When they got into the bedroom, Armstrong pushed Laura's lip into her teeth and told her to stop screaming. Laura testified that upon reaching the bedroom, Armstrong threw her on the bed and told her to take off her underwear. As he got on top of her, he attempted to push his penis into her vagina. Unsuccessful in his attempt, Armstrong then forced her to massage his penis until he ejaculated. At this point, he wiped her hands on the comforter. While in the bed, Armstrong also touched her chest with his hand and touched her vaginal area with his tongue. Laura eventually asked if she could leave the room. Armstrong allowed her to leave, but threatened to kill her if she told anyone about what had happened.

Later that morning, Laura told her mother about the incident. They reported this to the police and went to the hospital to have Laura examined. After examining her, Dr. Ward, an emergency room physician, observed a small abrasion to her top lip and redness in her vaginal area. It was his that she had experienced some type of sexual assault.

Armstrong was arrested that day. The Gulfport Police Department collected samples of blood, hair, saliva, and seminal fluid from Armstrong. They retrieved the bed sheets and comforter from Armstrong's bedroom and the shirt Laura wore during the alleged sexual assault. Sherry Hayman, a forensic serologist employed by the Mississippi Crime Laboratory, analyzed the blood, saliva, sheets, comforter and Laura's shirt. She determined that the seminal fluid on the comforter and fitted sheet may have been Armstrong's. However, she could not determine when the seminal fluid was placed there. Seminal fluid was not found on Laura's shirt.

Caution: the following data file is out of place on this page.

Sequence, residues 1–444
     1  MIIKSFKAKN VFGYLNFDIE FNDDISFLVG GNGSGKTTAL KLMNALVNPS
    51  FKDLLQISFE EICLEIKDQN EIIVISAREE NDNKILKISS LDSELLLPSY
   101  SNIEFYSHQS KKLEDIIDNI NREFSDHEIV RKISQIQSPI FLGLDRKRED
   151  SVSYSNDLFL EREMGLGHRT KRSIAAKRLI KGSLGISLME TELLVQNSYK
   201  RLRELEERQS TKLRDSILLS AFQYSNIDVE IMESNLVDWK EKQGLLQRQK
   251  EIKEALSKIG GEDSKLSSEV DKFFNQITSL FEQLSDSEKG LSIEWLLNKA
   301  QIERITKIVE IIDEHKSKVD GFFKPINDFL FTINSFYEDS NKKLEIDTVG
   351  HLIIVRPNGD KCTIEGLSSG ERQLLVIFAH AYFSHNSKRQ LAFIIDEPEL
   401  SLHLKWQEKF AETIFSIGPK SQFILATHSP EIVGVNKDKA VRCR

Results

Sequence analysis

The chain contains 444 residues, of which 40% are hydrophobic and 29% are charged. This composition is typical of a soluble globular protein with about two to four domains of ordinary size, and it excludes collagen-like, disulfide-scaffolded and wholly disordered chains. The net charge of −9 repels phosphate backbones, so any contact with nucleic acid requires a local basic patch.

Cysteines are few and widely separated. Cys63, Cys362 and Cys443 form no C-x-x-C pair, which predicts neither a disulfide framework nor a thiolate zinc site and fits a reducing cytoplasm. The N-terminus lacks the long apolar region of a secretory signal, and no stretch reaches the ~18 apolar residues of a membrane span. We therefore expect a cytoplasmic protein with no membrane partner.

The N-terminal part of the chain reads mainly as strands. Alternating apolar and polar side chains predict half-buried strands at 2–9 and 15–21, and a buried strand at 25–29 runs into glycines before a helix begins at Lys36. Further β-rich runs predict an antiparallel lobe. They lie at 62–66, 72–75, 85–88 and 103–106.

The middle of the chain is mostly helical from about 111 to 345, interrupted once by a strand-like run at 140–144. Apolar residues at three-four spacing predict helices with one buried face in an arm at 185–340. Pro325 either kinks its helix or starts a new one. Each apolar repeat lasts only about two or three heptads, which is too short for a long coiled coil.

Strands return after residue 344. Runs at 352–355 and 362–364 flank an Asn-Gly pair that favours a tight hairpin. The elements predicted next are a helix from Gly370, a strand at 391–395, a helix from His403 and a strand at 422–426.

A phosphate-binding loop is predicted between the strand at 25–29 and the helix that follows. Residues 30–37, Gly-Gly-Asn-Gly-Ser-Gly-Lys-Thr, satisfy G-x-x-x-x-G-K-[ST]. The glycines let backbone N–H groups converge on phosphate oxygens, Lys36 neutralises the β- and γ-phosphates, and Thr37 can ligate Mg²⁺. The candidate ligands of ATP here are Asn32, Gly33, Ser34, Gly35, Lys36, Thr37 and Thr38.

Armstrong denied that the incident took place. He testified that he had gone out to have drinks earlier in the evening with Chris and was probably asleep during this time of the morning. He indicated that he might have gotten up to check on Dalton, but could not remember. On August 7, 1996, Armstrong was tried and convicted of sexual battery and touching a child for lustful purposes. His motions for a new trial and judgment notwithstanding the verdict were denied. Armstrong now appeals his convictions and sentences.

ISSUES

I. TRIAL COUNSEL WAS INEFFECTIVE AND THE DEFENDANT WAS DENIED HIS RIGHT TO COMPETENT COUNSEL GUARANTEED UNDER THE SIXTH AMENDMENT TO THE UNITED STATES CONSTITUTION.

Armstrong argues that because his counsel, Attorney Steve Maggio, a Harrison County public defender, failed to prepare a defense or investigate his case, he was denied his right to effective assistance of counsel. We disagree. When judging an attorney's performance, the proper standard is that of reasonably effective assistance. In Strickland v. Washington , 466 U.S. 668 (1984), the Supreme Court set forth the following two-prong test for determining effective assistance of counsel: (1) Was counsel's performance deficient?

(2) Did the deficient performance prejudice the defense so as to deprive the defendant of a fair trial?

See also Wilcher v. State , 479 So.2d 710, 712 (Miss.1985); Stringer v. State , 454 So.2d 468, 477

(Miss.1984).

Applying the first prong of the test, we consider whether Attorney Maggio's performance was deficient. In doing so, we presume that Attorney Maggio's conduct falls within the wide range of effective assistance. Strickland , 466 U.S. at 689. To overcome this presumption, Armstrong must identify specific deficiencies in ...